Court rules asylum seeker may work beyond 24-weekper year limit

An asylum seeker in possession of a work permit may work in the Netherlands longer than the maximum permitted period of 24 weeks per year, a court in Arnhem said on Tuesday in its final verdict over a lawsuit filed against the UWV benefits agency. The UWV previously rejected an application for a new work permit because the 24 week limit was exceeded, but the court said that was contrary to European law.

The lawsuit related to a Dutch employer and an asylum seeker from Nigeria who wanted to continue working together after their employment contract expired. But because the employee had already worked for his employer for 24 weeks, he was not granted a new work permit. He therefore waited 28 weeks before applying again. The UWV approved that application, but then after 24 weeks he was again denied access to the labor market.

According to the court, the UWV should not have done that, because it “unnecessarily restricts” access to the labor market. This means that the actions of the UWV are in conflict with the European Union’s Reception Conditions Directive. The directive mandates that member states of the European Union ensure that asylum seekers can truly access the labor market no later than nine months after they have submitted an asylum application. The court is of the opinion that this can be interpreted as “effective access,” and it is precisely in this area that the asylum seeker was limited by the UWV.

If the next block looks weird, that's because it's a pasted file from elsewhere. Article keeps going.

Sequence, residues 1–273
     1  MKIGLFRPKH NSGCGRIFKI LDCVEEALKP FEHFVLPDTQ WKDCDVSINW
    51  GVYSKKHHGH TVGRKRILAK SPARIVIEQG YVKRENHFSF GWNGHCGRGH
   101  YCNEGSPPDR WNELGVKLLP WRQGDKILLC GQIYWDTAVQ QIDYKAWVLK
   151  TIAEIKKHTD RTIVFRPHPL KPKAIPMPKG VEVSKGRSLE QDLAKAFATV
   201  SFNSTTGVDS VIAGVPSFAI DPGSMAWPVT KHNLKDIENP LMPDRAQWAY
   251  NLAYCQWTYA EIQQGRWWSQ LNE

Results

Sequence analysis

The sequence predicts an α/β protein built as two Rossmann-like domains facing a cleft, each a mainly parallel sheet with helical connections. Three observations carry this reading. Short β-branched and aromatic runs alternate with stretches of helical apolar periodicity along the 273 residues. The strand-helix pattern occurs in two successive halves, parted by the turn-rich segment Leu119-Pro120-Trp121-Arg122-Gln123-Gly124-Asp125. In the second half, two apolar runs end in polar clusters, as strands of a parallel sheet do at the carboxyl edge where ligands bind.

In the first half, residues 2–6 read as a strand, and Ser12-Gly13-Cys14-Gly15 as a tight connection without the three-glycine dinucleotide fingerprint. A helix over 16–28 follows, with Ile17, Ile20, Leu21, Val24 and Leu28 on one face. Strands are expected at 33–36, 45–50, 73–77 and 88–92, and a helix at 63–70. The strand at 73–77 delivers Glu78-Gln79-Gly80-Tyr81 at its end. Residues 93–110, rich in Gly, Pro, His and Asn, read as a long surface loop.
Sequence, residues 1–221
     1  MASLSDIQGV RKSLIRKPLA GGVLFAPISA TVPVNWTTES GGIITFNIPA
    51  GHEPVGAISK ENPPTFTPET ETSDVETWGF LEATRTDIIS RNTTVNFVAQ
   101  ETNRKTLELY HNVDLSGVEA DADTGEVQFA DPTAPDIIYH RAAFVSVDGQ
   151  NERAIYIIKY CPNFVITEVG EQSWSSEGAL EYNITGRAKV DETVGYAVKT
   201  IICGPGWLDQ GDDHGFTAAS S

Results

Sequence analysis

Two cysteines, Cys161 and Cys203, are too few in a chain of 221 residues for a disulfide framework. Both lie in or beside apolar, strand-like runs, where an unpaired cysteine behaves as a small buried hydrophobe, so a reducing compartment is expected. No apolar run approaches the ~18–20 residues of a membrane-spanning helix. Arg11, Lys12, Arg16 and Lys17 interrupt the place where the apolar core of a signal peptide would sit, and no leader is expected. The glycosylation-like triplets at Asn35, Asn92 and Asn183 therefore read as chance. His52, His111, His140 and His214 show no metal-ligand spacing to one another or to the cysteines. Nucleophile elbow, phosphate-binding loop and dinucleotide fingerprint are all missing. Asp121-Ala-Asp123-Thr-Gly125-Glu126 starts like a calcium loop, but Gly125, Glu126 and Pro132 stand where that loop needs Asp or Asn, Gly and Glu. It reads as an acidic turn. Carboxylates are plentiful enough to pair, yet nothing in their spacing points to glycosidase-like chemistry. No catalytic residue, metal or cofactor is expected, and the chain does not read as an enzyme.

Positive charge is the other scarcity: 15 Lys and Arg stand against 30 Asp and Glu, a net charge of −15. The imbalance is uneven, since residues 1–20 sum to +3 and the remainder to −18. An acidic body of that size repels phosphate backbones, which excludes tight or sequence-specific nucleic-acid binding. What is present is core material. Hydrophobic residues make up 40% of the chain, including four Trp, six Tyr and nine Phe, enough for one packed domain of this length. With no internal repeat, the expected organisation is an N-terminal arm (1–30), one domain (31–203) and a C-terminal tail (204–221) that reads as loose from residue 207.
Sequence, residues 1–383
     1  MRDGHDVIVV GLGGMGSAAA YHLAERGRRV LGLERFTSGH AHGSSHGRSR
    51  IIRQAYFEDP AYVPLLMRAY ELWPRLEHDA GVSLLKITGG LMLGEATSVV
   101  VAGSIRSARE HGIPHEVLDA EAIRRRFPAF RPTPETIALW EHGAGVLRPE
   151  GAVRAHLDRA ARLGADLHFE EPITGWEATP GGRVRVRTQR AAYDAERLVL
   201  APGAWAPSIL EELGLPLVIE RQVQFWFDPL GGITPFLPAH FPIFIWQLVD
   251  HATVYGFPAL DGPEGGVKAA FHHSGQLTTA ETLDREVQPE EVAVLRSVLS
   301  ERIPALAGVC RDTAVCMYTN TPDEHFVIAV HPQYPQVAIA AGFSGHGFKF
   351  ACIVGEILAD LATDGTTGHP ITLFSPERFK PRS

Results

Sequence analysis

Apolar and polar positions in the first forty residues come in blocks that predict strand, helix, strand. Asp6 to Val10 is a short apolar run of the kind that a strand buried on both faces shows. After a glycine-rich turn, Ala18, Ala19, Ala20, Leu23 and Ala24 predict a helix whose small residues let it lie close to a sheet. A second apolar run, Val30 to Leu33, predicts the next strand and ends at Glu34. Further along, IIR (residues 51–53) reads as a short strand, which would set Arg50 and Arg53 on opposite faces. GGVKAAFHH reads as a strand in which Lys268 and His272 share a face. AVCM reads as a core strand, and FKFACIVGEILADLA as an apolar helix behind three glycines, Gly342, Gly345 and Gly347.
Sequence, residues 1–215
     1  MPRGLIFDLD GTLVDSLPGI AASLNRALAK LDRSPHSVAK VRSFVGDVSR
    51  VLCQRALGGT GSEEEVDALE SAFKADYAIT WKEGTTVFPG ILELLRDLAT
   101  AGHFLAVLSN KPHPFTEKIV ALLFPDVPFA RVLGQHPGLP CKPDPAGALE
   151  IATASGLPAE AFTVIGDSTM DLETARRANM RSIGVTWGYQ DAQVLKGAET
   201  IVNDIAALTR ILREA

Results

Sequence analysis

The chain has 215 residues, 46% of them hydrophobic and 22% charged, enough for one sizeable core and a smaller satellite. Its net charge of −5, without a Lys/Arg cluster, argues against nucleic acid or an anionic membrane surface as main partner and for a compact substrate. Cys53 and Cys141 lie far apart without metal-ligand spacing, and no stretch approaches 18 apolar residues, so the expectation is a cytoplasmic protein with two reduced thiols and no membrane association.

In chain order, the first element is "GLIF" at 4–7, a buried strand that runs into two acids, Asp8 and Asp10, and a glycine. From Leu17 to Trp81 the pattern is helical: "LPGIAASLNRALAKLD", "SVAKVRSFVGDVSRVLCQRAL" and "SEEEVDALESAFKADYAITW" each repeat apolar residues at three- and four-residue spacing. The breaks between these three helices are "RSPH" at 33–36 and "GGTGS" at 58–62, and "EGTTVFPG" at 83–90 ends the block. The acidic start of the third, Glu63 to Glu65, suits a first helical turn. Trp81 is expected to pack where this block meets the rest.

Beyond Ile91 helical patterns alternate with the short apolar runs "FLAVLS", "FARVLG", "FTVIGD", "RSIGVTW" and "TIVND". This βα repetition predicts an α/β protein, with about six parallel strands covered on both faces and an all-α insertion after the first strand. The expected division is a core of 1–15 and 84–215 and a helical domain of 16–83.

The UWV believed that working more can unintentionally send a signal that “permanent residence in the Netherlands is possible.” But the court disagreed.

“If the asylum seeker performs work during the asylum procedure, this will promote integration in the Netherlands,” said the court.

Another UWV argument failed as well, with the organization saying that it is more difficult to return to the country of origin when the employee further develops their employment relationship with the employer. For example, one of the conditions for a work permit is that the employee lawfully resides in the Netherlands. But since that is no longer the case if an asylum application is rejected, the court ruled finds that there cannot be an obstacle when it comes to returning to the country of origin.

Social Affairs and Employment Minister Karien van Gennip was not immediately available to comment on the ruling. Last week, research she commissioned showed that there are many benefits if asylum seekers are allowed to work for a longer period of time.

There are different views about this within the ruling. Prime Minister Mark Rutte’s VVD and also the CDA are reluctant. However, the second largest coalition party, D66, will soon put forward a proposal to allow asylum seekers to work longer than 24 weeks per year.

Reporting by ANP

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